Something about the refrigerator, I’m not sure what.  There was a sign on it: ARE YOU PART OF THE PROBLEM?  I knew it was Daddy’s sign, but never asked him about it.  Nobody else did either, nor did they take it down.  Mother was too distracted to notice much, my younger brother too angry to be ripping down signs — he was on to much bigger things — my older sister had what they call a “slight developmental disability”, giving her a sweetness incapable of violent acts.  And me?  I was the perfect child caught in the middle, expected to manage quite well on my own, the one who arranged all the food when we went camping.  I wouldn’t have torn the sign down.  It would have offended my sense of order.

I think they were trying to decide whether to buy a new refrigerator, and Mother had just explained to Daddy Jay’s recommendations; apparently Jay had been researching it all afternoon.  He was just incredibly smart about these things.  Poor Daddy wasn’t too swift when it came to household decisions. 

I’m not sure if the sign had anything to do with the skillet incident.  Well, I guess in the sense that it made abundantly clear how difficult it was for Daddy to ever admit he was wrong about anything.  I remember him staring at the sign yelling, “I’m the head of this household!  I’m the one who should be making the decisions!”  Then he threw the skillet.  He may have been making his Sunday night pancakes. Maybe that’s why he was holding it.

The start of my parents’ demise — that skillet incident.

Remember the yard I said Mother acquired later in life?  A few streets down?  Not on a street named after a fruit, but Harbor Drive, because they lived on a creek with a big yard in front.  Mother and Jay.  That’s when Mother started feeding the raccoons.  After she divorced Daddy and married Jay.  Once she even raised a baby squirrel.  By then I was a grown-up and only saw Jay from a distance.  Sometimes I’d call him from college to get his advice, but he didn’t like me or my siblings visiting.  And he would never visit us.  Mother had to visit on her own.  Perhaps that’s why I remember him as some mystical force that blew into our family and never left.  We couldn’t have flown away even if we’d wanted to.

All these years later I have a big yard to myself and feed the raccoons at dusk.  Occasionally I see a flock of seagulls flapping their wings as though their lives depended on it.  Because they do.  Their lives depend on flying away from a dangerous world; even stars in the sky can’t always be trusted.  Too bright.  Too beautiful.  Even so, I always study the sky when there are seagulls.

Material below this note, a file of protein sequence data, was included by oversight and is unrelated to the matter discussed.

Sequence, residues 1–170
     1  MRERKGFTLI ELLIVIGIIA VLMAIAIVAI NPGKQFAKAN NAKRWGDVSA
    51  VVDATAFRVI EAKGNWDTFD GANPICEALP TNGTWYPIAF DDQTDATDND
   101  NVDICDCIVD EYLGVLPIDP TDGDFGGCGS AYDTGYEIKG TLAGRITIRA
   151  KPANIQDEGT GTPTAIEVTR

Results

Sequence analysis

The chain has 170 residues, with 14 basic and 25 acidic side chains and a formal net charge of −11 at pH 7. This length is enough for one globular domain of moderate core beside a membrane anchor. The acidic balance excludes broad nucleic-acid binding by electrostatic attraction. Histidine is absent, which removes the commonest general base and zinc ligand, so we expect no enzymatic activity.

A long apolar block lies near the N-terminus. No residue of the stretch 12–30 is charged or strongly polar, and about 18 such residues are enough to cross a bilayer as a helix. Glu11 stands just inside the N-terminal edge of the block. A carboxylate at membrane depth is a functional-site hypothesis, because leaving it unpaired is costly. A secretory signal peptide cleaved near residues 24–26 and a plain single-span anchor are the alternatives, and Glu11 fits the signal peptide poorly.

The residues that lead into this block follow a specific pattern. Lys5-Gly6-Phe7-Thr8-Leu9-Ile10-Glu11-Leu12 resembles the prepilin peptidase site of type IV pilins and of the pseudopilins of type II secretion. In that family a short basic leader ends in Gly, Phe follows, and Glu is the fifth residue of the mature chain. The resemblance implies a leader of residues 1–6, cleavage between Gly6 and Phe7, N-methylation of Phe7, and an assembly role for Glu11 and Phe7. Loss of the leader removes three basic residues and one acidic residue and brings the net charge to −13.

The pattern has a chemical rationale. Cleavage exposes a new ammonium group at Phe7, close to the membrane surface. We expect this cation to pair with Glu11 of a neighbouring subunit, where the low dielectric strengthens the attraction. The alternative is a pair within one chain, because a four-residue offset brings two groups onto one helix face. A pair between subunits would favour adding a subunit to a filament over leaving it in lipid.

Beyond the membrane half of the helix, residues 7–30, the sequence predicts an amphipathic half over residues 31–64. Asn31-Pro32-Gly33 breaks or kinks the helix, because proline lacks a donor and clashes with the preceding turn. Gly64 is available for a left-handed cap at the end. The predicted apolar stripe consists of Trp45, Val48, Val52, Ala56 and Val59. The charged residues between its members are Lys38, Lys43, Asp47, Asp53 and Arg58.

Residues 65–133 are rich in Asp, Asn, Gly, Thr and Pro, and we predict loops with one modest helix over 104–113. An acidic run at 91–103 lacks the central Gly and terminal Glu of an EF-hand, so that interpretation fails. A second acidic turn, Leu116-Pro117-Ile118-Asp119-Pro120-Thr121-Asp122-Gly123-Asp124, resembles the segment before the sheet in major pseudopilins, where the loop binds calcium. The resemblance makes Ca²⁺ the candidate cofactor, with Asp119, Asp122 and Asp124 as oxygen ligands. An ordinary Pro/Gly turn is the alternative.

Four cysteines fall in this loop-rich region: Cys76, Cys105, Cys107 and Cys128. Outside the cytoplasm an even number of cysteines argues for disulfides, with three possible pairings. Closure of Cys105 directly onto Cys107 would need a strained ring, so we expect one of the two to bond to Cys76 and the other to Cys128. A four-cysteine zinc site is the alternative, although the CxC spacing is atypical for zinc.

Sometimes I’ll look for Timothy Finnegan — nothing but a speck in the sky.  I’ll look for that summer, the start of something that could never be.  I’ll search for the time when there was but one seagull perched on our front porch, in a world where he had only to depend on Jay and me.  He had only to listen to understand it was the only world that mattered.



Raised in Hampton, Virginia, Ann Stoney worked in NYC and regionally, as an actress, songwriter and playwright, before embarking upon a career as a literacy teacher in the NYC public schools. Her story, “The Other Side”, won honorable mention in Glimmer Train’s 2016 May/June Short Story Award for Emerging Writers contest, and was a semi-finalist in the American Literary Review’s annual fiction contest. Other credits include original work performed in NYC at the Ensemble Studio Theatre, and stories published in “Ladies Home Journal”, “From Here”, and “Livewire Press”, where she received the 2013 first prize in fiction for her short story, “Spinning.” Ann enjoys being a part-time resident of Rensselaerville, NY, where she was a featured reader in the 2014 Festival of Writers.